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dc.contributor.authorNieminuszczy, Jen_US
dc.contributor.authorBroderick, Ren_US
dc.contributor.authorBellani, MAen_US
dc.contributor.authorSmethurst, Een_US
dc.contributor.authorSchwab, RAen_US
dc.contributor.authorCherdyntseva, Ven_US
dc.contributor.authorEvmorfopoulou, Ten_US
dc.contributor.authorLin, Y-Len_US
dc.contributor.authorMinczuk, Men_US
dc.contributor.authorPasero, Pen_US
dc.contributor.authorGagos, Sen_US
dc.contributor.authorSeidman, MMen_US
dc.contributor.authorNiedzwiedz, Wen_US
dc.date.accessioned2020-06-03T10:26:07Z
dc.date.issued2019-08
dc.identifier.citationMolecular cell, 2019, 75 (3), pp. 605 - 619.e6
dc.identifier.issn1097-2765
dc.identifier.urihttps://repository.icr.ac.uk/handle/internal/3683
dc.identifier.eissn1097-4164
dc.identifier.doi10.1016/j.molcel.2019.05.026
dc.description.abstractAccurate DNA replication is essential to preserve genomic integrity and prevent chromosomal instability-associated diseases including cancer. Key to this process is the cells' ability to stabilize and restart stalled replication forks. Here, we show that the EXD2 nuclease is essential to this process. EXD2 recruitment to stressed forks suppresses their degradation by restraining excessive fork regression. Accordingly, EXD2 deficiency leads to fork collapse, hypersensitivity to replication inhibitors, and genomic instability. Impeding fork regression by inactivation of SMARCAL1 or removal of RECQ1's inhibition in EXD2<sup>-/-</sup> cells restores efficient fork restart and genome stability. Moreover, purified EXD2 efficiently processes substrates mimicking regressed forks. Thus, this work identifies a mechanism underpinned by EXD2's nuclease activity, by which cells balance fork regression with fork restoration to maintain genome stability. Interestingly, from a clinical perspective, we discover that EXD2's depletion is synthetic lethal with mutations in BRCA1/2, implying a non-redundant role in replication fork protection.en_US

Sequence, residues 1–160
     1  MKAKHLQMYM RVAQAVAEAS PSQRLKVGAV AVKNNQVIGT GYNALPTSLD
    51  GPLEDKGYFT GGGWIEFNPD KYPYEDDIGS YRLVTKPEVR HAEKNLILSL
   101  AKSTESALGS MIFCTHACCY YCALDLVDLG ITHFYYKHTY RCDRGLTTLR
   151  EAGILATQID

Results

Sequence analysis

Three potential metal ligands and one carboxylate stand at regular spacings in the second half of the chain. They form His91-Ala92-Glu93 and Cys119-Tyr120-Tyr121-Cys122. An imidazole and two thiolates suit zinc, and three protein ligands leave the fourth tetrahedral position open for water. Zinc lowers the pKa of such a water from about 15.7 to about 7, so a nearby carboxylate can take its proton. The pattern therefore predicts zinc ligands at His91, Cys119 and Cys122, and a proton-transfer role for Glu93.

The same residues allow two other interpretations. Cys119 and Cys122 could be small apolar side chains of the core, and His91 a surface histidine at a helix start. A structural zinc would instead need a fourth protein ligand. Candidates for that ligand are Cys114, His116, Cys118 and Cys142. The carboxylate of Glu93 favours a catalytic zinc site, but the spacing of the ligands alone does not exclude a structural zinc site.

dc.formatPrint-Electronic
dc.format.extent605 - 619.e6
dc.languageeng
dc.language.isoeng
dc.rights.urihttps://creativecommons.org/licenses/by/4.0
dc.subjectHela Cellsen_US
dc.subjectHumansen_US
dc.subjectNeoplasmsen_US
dc.subjectGenomic Instabilityen_US
dc.subjectExodeoxyribonucleasesen_US
dc.subjectDNA Helicasesen_US
dc.subjectBRCA1 Proteinen_US
dc.subjectBRCA2 Proteinen_US
dc.subjectDNA Replicationen_US
dc.subjectRecQ Helicasesen_US
dc.subjectSynthetic Lethal Mutationsen_US
dc.titleEXD2 Protects Stressed Replication Forks and Is Required for Cell Viability in the Absence of BRCA1/2.
dc.typeJournal Article
dcterms.dateAccepted2019-05-17
rioxxterms.versionofrecord10.1016/j.molcel.2019.05.026
rioxxterms.licenseref.urihttps://creativecommons.org/licenses/by/4.0
rioxxterms.licenseref.startdate2019-08
rioxxterms.typeJournal Article/Review
dc.relation.isPartOfMolecular cellen_US
pubs.issue3
pubs.notesNot known
pubs.organisational-group/ICR
pubs.organisational-group/ICR/Primary Group
pubs.organisational-group/ICR/Primary Group/ICR Divisions
pubs.organisational-group/ICR/Primary Group/ICR Divisions/Cancer Biology
pubs.organisational-group/ICR/Primary Group/ICR Divisions/Cancer Biology/Cancer and Genome Instability
pubs.publication-statusPublished
pubs.volume75en_US
pubs.embargo.termsNot known
icr.researchteamCancer and Genome Instabilityen_US
dc.contributor.icrauthorNiedzwiedz, Wojciechen


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